Pakistan Puts Key US Informant on Trial- and yet This Is Our Ally?


Once again, Pakistan, a country that we give over $1.6 billion in aid to annually and supposedly one of our allies in the Middle East, has shown that they’re anything but friendly to us. We bombard many of our enemies with sanctions or worse, whether they be Iraq, Cuba, Iran, or Syria. This time, they’ve started a trial for treason against a Pakistani doctor who provided important information that led to the death of Osama bin Laden. That’s right, the same Osama bin Laden that they probably knew about anyway. But Pakistan- which, despite not being listed by the US as a state sponser of terrorism, meets every definition of the word. Pakistan’s military intelligence agency, the Inter-Service Intelligence (ISI), has been supporting terrorist attacks, ranging from the July 2005 attacks in London, the assassination attempt on Afghan President Hamid Karzai in June 2008, or the July 2008 attack on the Indian embassy. The military helicopter that was downed in the raid on Osama bin Laden’s compound, instead of being returned to the United States as a good ally would do, was “donated” to our good friends the Chinese.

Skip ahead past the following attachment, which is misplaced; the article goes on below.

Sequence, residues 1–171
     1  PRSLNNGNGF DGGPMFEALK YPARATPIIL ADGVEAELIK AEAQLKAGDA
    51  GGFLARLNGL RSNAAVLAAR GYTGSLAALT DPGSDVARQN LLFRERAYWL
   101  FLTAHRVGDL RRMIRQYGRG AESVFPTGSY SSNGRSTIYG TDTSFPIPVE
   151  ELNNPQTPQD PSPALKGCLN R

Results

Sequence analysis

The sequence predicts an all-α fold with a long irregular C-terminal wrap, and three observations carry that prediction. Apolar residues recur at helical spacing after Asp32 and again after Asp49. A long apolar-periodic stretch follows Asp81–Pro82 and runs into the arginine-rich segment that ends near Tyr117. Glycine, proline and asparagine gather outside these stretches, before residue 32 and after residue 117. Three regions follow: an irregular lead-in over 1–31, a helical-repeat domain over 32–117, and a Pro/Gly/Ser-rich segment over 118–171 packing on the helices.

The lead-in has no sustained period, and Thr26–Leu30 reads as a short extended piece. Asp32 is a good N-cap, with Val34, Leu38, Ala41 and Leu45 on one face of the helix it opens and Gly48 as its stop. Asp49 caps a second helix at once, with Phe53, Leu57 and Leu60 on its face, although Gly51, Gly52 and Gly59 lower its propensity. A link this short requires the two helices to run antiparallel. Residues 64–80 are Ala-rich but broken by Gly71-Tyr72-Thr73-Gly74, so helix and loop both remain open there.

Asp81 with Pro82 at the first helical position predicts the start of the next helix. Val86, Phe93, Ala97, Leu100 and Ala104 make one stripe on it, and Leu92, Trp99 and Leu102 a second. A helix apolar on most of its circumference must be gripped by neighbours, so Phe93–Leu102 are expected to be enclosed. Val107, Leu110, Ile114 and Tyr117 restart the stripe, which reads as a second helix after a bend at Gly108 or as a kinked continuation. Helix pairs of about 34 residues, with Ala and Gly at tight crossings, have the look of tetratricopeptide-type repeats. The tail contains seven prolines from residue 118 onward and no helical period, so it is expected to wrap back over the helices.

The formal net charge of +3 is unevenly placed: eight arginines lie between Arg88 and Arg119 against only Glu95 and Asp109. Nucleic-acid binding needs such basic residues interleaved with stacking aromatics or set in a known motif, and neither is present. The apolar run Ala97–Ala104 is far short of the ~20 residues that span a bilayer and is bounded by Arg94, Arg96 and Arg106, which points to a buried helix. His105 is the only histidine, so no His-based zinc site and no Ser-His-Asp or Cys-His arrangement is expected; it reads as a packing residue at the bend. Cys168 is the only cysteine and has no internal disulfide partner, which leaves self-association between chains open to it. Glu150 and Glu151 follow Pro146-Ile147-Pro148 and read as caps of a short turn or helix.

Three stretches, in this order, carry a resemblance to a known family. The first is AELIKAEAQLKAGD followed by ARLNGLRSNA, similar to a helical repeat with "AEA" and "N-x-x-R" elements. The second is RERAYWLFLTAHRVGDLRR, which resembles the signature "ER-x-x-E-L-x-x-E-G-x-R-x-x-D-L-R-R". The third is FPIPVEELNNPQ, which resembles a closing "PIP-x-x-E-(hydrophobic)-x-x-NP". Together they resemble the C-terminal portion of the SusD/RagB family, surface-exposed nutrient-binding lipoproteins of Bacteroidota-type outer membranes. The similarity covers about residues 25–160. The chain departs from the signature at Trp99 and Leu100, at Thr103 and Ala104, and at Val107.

Quite simply, Pakistan does not view the United States as a long-term force in the Middle East. It has its own ambitions, and by supporting militant organizations within both itself and Afghanistan, it is securing allies to prop up its government and gaining influence in neighboring Afghanistan. Pakistan also views those militant groups as ones that it can use to keep Indian influence out of what it considers to be “its” sphere of influence as well.

Yet we still give them aid. Aid that, given our deficit, we can’t really afford. And that aid isn’t spent on what it should be spent- officials claim that 70% of it was misspent from 2002-2007. Although we currently depend on them to wage a war in Afghanistan, we should recognize that Pakistan is one of the main reasons for why we’re not winning that war. It’s time to put an end to throwing money at a lost cause, and instead work on countries in that region who actually are our allies, such as India. If Pakistan decides to get its act together, stop supporting militant organizations, and actually helps its supposed allies, then we’ll talk.

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